After Simon Danielli in 2004, Scotland endured a remarkable 14-year wait without a try against England at BT Murrayfield – in 2018 that all changed, and in some style.
Against an all-conquering England side who had followed up a Grand Slam in Eddie Jones’ first year in charge with a second successive Championship, the Scots produced a blistering display.
It was one that few people saw coming, although John Barclay enjoyed his Nostradamus moment when he tipped Finn Russell to star before the game.
The Scotland fly-half had endured a tough start to the campaign, struggling away in Wales on the opening weekend before a patchy display in a win over France.
He kept his place though, and the faith of his skipper Barclay.
“He’s had some games when he’s not played as well as he could. He typically bounces back. I’ve seen him not play his best game then typically next week he’s made man of the match.” – John Barclay
That proved one of the more prophetic pre-match statements in the history of the Calcutta Cup, as Russell pulled out all his magic tricks in a 25-13 success at BT Murrayfield.
The pick of the bunch were his two stunning passes to set up Sean Maitland’s try on the half-hour on a day when everything the mercurial fly-half tried, came off.
He was far from the only Scot to shine, and it took a team effort to hand Jones only his second Championship defeat in his 13th game in charge.
The back row fetchers were dominant at the breakdown, Huw Jones continued his fine scoring record against England and Stuart McInally produced an all-action display to cap off the victory.
Jones came into the game unworried about the Scottish preparation, but it clearly worked.
“They have brought out every strategy you can think of. It’s designed to get them up for the game. We’re up for the game, regardless of what’s said.” – Eddie Jones
The turnover battle was a key factor in the outcome, with Grant Gilchrist setting the tone in the third minute by earning a penalty that Greig Laidlaw slotted.
England drew level thanks to an Owen Farrell penalty, but a minute later, Scotland struck with the first try of the game. Russell caught the England defence cold with a clever grubber kick, Jones was able to nudge it on and collected to go over.
That was the first Scotland try in Edinburgh in the Calcutta Cup since 2004, although in that period they had won two and drawn one of the six meetings with the Auld Enemy.
Laidlaw converted, and despite a second Farrell penalty, Scotland led 10-6 with half an hour gone.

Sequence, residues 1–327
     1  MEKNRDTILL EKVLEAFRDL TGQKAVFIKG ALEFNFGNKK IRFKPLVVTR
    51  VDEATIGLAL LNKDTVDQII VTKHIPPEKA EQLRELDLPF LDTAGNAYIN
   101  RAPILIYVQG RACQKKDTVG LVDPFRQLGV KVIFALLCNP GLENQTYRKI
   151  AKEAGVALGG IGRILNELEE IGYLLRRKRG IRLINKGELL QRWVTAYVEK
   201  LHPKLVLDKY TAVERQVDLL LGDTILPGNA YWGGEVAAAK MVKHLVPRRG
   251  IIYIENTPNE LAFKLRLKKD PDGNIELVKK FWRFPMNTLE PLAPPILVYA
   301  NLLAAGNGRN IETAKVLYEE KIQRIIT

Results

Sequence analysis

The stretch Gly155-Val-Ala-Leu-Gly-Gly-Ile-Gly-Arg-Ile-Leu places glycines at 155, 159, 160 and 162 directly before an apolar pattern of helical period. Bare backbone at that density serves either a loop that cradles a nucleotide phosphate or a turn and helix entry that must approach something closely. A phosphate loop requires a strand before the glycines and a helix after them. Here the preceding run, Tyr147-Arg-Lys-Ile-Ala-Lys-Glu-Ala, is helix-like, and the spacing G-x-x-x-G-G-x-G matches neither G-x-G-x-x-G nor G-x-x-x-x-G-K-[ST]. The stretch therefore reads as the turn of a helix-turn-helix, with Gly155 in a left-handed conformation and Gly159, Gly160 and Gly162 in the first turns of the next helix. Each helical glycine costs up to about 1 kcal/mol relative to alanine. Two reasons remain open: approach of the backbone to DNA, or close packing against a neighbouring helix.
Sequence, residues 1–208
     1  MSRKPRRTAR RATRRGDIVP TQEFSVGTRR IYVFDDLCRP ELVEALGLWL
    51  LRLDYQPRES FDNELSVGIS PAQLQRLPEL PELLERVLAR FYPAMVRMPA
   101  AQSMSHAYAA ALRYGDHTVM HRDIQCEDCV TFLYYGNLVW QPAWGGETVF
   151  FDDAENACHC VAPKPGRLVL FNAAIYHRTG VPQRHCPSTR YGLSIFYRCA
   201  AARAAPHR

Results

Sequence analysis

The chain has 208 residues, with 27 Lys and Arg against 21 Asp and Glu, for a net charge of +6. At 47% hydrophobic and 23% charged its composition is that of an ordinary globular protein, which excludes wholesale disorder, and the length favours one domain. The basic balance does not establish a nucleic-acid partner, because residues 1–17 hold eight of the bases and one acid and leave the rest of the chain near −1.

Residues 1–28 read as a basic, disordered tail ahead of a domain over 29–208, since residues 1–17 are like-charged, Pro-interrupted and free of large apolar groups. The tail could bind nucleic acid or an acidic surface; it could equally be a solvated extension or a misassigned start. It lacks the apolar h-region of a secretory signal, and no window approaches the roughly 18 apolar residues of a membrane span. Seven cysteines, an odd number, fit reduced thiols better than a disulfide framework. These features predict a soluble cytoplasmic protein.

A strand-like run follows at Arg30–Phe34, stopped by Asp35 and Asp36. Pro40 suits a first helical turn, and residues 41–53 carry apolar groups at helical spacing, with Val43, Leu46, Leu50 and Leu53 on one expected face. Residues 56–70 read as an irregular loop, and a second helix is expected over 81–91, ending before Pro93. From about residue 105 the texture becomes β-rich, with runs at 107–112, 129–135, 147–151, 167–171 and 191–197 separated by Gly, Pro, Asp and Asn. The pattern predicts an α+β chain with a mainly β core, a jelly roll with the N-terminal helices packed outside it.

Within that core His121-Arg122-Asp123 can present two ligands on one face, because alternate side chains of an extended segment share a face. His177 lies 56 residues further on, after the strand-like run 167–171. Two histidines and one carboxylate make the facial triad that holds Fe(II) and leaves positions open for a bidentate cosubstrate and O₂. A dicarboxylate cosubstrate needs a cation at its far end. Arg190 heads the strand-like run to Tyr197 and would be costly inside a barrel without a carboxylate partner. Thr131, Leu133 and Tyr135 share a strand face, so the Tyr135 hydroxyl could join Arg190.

The next seven minutes swung the game definitively to the home side.
First, from just outside his own 22, Russell threw one of the most audacious passes you will see, missing out two men and putting Jones through a gap and away. The centre got up to the England 22, and when the ball was recycled and came back left, Russell threw another miss-pass, skipping just one person this time, to put Maitland into the corner.
Jones had another try to his name before half-time, running a fine line off Laidlaw’s pass and then holding off Anthony Watson and Mike Brown to go in from halfway.
At 22-6, Scotland were in control heading into half-time.
England responded, with Farrell running a similar line to Jones as he burst through shortly after half-time, and it seemed he might have a double on 54 minutes when he and Watson combined on a breakaway score. It was called back for a knock-on in the tackle by Courtney Lawes though, and Scotland breathed a sigh of relief.
England still trailed by nine, and then lost Sam Underhill to the bin for a no-arms tackle, with Russell taking over kicking duties and adding the extras.
Despite the 12-point deficit, England were still chasing hard, but a turnover penalty on his line by McInally stopped their momentum two minutes from time, and it was Scotland who were able to celebrate.
“It’s unreal for us. We had a game plan and we executed it really well. It’s been a tough couple of weeks but I’ve still enjoyed all the games, especially this one.” – Finn Russell
There were plenty of contenders, but Russell deservedly earned the Player of the Match honours for his display, answering all the questions that had been asked in the build-up.
In doing so, he lived up to his captain’s pre-game tip.
“I predicted he’d be man-of-the-match, that’s the nature of the guy. He plays on the line and he was outstanding today.” – John Barclay
As well as Russell’s ability to attack the English defence, it was the breakdown that really hurt the visitors, with Jones admitting as much after the game.
“Scotland dominated from the start and we were a bit passive – at the breakdown especially. We have to look at that. We were poor and gave them a lead.” – Eddie Jones
“We didn’t match their intensity. It’s very raw at the moment and this has to be part of our journey. We have to learn from this.”
England did go on to learn from it, and 18 months later reached the World Cup final in Japan with two jackaling back-rowers of their own in Sam Underhill and Tom Curry.
The immediate aftermath was not as successful, however. Despite the loss in Edinburgh, their title hopes remained, but they were extinguished in defeat to France in Paris, followed by a home defeat to Grand Slam-chasing Ireland.
Scotland, meanwhile, saw their own hopes of winning the title ended in Round 4 in Dublin, before Laidlaw’s last-gasp penalty earned victory and a third-placed finish in Rome.
It was one of the great Calcutta Cup victories for Scotland, who would go on to retain the famous old trophy a year later at Twickenham in an even more extraordinary encounter.